Primer on MapReduce

Lagrange's proving network is built like a distributed MapReduce stack, bringing verifiability of the computation on top.To run computation over a large scale database, there are different architectural choices that one can do. There can be a single server downloading all the data and running the entiere computation locally, but that requires to have a very powerful machine and is expensive in terms of bandwidth.Lagrange's network is architectured in the spirit of the famous MapReduce framework, which takes the approach of bringing the computation where the data resides. MapReduce works by running computation on small chunks of the large database, each on a different machine and then have multiple aggregation steps to collide results of different chunks together. Broadly, this computation follows two distinct steps:

  1. 1.Each machine performs a map operation on its chunk of data, transforming it into a set of key-value pairs.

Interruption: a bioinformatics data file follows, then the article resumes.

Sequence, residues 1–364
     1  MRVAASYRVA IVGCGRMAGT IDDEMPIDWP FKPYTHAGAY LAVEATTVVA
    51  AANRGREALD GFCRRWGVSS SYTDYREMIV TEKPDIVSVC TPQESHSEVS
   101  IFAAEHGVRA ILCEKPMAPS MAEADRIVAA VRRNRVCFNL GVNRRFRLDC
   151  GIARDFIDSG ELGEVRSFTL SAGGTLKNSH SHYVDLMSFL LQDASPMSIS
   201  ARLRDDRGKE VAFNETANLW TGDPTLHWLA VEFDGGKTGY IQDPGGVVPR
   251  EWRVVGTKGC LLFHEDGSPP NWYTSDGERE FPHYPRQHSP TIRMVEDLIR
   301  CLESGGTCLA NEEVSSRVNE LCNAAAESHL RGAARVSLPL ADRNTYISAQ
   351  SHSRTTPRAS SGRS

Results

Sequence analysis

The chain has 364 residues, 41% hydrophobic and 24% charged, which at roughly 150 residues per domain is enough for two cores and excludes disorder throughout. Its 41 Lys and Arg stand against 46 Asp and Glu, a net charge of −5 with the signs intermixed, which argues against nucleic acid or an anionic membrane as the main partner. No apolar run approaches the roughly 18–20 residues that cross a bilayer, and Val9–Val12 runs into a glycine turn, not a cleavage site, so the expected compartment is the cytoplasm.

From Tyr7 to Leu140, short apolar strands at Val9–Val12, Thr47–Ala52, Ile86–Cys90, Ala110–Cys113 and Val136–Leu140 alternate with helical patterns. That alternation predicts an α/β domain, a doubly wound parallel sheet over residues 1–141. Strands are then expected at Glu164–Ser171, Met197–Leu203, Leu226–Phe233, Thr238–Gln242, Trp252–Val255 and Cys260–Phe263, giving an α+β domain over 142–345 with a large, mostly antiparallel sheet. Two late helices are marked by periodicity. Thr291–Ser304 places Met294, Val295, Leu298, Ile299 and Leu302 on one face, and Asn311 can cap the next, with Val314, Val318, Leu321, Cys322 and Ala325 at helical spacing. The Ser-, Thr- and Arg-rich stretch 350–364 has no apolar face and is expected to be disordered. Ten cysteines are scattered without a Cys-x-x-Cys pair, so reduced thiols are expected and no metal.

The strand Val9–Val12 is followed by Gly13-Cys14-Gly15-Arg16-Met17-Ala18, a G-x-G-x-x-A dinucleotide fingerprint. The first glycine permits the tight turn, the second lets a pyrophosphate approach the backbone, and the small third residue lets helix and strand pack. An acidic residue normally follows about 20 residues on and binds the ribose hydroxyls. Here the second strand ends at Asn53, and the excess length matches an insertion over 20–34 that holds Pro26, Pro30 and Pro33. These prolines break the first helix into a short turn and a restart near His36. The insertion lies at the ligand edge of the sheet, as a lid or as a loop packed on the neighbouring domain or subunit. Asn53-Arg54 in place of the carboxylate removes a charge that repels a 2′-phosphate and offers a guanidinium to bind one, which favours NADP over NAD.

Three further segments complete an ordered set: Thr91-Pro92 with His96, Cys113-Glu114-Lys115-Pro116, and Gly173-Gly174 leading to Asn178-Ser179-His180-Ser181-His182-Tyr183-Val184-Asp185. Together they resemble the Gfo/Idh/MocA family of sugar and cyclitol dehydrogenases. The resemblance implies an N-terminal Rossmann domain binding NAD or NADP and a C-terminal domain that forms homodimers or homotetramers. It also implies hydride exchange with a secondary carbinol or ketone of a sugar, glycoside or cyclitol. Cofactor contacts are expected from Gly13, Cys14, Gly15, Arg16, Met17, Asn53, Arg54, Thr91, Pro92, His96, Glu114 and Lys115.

2. 2.The results of the shuffle are passed to a reduce operation, which aggregates the two or more outputs of a map operation into a single result. This operation is performed in parallel for many chunks and repeated until a single result is produced.

The main advantage of MapReduce is its scalability. Since the computation is distributed across multiple machines, it can handle large-scale datasets that would be infeasible to process on a single machine. Additionally, the distributed nature of MapReduce allows computation to scale horizontally across more machines, rather than vertically in terms of computation time.

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